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ASAS observations of SN 2011dh in M51

ATel #3432; J. L. Prieto (Carnegie Observatories), D. M. Szczygiel (Ohio State University), G. Pojmanski (Warsaw University Observatory), J. F. Beacom (Ohio State)
on 14 Jun 2011; 18:59 UT
Credential Certification: Jose L. Prieto (jose@obs.carnegiescience.edu)

Subjects: Optical, Supernovae, Transient

Referred to by ATel #: 3433, 3641

We report V-band observations of the type II supernova 2011dh (CBET #2736, ATEL #3398, #3399, #3400, #3401, #3402, #3405, #3406, #3411, #3413, #3414, #3420, #3428, #3431) in M51 obtained between May 28.4 and June 13.4 (UT) with the 10-cm All Sky Automated Survey North (ASAS-N; Pojmanski et al. 2002, AcA, 52, 397; Pigulski et al. 2009, AcA, 59, 33) telescope in Haleakala, Hawaii (see this mosaic with ASAS images). We estimate the magnitudes of SN 2011dh using image subtraction with a template made from the combination of several images obtained during April 2011. The magnitudes of the supernova are calibrated using magnitudes of non-variable stars in the field obtained by the ASAS automatic pipeline. We confirm the continuing brightening reported by Arcavi et al. 2011 (ATEL #3413). In ASAS data, we see a brightening of 0.9 mag between June 6.3 and June 13.4 in V-band (~0.13 mag/day). We also report 3-sigma upper limits on the magnitudes of SN 2011dh from May 28.4 and May 30.5 (V < 15.5 mag), 3.5 and 1.4 days before the time of discovery (CBET #2736), respectively. The ASAS magnitudes and upper limits are listed below in Table 1. Unfortunately, ASAS did not obtain observations of SN 2011dh in the critical time window between May 31 and June 5, mainly due to weather.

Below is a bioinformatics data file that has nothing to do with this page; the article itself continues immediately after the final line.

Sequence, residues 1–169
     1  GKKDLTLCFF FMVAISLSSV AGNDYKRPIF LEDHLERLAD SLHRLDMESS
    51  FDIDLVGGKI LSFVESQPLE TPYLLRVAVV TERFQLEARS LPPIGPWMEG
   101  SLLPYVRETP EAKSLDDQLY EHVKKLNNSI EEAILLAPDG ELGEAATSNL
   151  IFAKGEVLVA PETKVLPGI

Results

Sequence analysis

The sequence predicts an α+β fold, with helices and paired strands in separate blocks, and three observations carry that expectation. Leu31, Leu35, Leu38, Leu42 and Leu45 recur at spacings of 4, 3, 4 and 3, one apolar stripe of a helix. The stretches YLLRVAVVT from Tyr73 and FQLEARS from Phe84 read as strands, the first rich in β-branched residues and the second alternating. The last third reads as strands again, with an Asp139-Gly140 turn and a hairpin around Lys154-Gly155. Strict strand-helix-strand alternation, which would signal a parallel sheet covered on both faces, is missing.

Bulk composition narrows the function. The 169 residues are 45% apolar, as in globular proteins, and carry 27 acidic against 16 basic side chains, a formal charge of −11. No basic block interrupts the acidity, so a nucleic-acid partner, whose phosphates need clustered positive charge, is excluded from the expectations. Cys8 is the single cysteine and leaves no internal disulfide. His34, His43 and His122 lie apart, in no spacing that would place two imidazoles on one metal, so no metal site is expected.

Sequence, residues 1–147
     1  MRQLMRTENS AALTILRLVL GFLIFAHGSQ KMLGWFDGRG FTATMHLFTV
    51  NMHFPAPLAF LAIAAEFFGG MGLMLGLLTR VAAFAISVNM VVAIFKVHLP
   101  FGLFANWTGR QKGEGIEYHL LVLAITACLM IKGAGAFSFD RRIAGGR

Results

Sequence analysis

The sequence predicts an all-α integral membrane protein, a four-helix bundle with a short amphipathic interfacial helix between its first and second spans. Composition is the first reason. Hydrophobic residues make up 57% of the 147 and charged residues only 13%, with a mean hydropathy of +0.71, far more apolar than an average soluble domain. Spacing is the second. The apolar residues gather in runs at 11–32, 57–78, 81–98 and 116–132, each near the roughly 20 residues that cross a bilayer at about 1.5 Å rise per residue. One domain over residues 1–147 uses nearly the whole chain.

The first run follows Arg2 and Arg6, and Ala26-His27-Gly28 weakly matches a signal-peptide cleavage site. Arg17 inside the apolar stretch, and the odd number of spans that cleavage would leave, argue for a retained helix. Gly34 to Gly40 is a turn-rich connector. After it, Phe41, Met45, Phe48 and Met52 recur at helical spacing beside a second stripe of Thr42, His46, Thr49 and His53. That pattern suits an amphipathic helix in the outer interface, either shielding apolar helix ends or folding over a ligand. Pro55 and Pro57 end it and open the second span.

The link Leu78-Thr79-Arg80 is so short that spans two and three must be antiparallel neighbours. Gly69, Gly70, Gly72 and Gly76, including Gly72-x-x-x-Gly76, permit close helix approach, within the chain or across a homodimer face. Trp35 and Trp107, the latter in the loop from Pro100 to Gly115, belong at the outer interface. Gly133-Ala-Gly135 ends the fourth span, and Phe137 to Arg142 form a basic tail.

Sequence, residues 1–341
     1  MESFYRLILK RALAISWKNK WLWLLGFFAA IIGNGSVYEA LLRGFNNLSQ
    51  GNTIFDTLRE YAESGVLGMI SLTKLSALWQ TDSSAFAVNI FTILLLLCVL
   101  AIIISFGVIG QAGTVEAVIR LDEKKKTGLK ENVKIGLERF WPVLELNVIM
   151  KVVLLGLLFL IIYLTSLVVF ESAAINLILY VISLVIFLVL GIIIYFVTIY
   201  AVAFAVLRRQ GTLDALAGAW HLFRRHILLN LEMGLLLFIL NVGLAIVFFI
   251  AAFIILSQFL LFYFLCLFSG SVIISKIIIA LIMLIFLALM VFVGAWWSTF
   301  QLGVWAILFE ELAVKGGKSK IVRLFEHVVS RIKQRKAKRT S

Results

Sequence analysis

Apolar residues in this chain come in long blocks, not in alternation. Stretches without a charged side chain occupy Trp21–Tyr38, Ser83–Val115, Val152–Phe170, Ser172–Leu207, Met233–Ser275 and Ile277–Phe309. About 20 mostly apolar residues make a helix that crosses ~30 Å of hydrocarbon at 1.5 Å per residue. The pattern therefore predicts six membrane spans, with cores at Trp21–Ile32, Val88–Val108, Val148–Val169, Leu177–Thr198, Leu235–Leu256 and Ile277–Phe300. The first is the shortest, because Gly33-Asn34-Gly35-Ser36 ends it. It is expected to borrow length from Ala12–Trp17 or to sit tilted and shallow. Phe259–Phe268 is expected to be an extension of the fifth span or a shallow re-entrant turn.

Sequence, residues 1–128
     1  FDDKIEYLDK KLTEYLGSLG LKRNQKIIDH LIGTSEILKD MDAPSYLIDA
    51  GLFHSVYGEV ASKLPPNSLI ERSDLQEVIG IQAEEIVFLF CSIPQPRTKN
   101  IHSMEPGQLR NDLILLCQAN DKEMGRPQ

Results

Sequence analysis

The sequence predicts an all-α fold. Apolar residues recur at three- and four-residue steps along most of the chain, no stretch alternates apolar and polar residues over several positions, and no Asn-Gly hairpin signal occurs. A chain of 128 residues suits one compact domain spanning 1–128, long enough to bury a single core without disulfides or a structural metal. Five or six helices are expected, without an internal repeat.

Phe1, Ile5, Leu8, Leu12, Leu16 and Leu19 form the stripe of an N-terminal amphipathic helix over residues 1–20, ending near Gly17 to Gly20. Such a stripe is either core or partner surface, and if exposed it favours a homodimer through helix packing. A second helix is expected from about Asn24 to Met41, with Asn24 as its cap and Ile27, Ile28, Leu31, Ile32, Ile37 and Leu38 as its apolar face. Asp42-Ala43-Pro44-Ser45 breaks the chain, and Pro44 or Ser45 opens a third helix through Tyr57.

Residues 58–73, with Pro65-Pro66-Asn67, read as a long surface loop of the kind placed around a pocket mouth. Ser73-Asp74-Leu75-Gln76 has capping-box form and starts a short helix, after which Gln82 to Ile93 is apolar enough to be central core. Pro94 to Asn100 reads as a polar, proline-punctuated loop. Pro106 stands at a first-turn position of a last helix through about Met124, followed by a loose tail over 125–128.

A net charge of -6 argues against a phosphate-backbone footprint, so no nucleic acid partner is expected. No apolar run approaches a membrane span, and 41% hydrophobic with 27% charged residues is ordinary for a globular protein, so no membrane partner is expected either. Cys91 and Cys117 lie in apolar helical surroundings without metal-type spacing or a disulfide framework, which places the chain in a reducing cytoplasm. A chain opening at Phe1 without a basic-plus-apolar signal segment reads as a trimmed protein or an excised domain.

The upper limits from ASAS and the early bright magnitude of g=13.18 mag in June 1.69 reported by Arcavi et al., show that SN 2011dh brightened by >2.3 mag in ~2 days after the explosion. These observations and the further fast decline between June 1.69 and June 3.85 reported by Arcavi et al. are consistent with the initial peak in the light curve of the type IIb SN 1993J (Richmond et al. 1994, ApJ, 107, 1022; Li et al. 2011, MNRAS, 412, 1441). However, the duration of the initial peak seems to be significantly shorter than in the case of SN 1993J. We show a figure with the light curve here.

 
Table 1. ASAS V-band observations of SN 2011dh 
 
 UT Date         HJD            V (mag)    
May  28.41   2455709.9117   < 15.5 
May  30.48   2455711.9827   < 15.5 
June 06.29   2455718.7932   14.30 +/- 0.11 
June 07.47   2455719.9679   14.07 +/- 0.12 
June 09.35   2455721.8490   14.16 +/- 0.15 
June 11.38   2455723.8842   13.57 +/- 0.07 
June 13.39   2455725.8948   13.41 +/- 0.07 
 

ASAS observations of SN 2011dh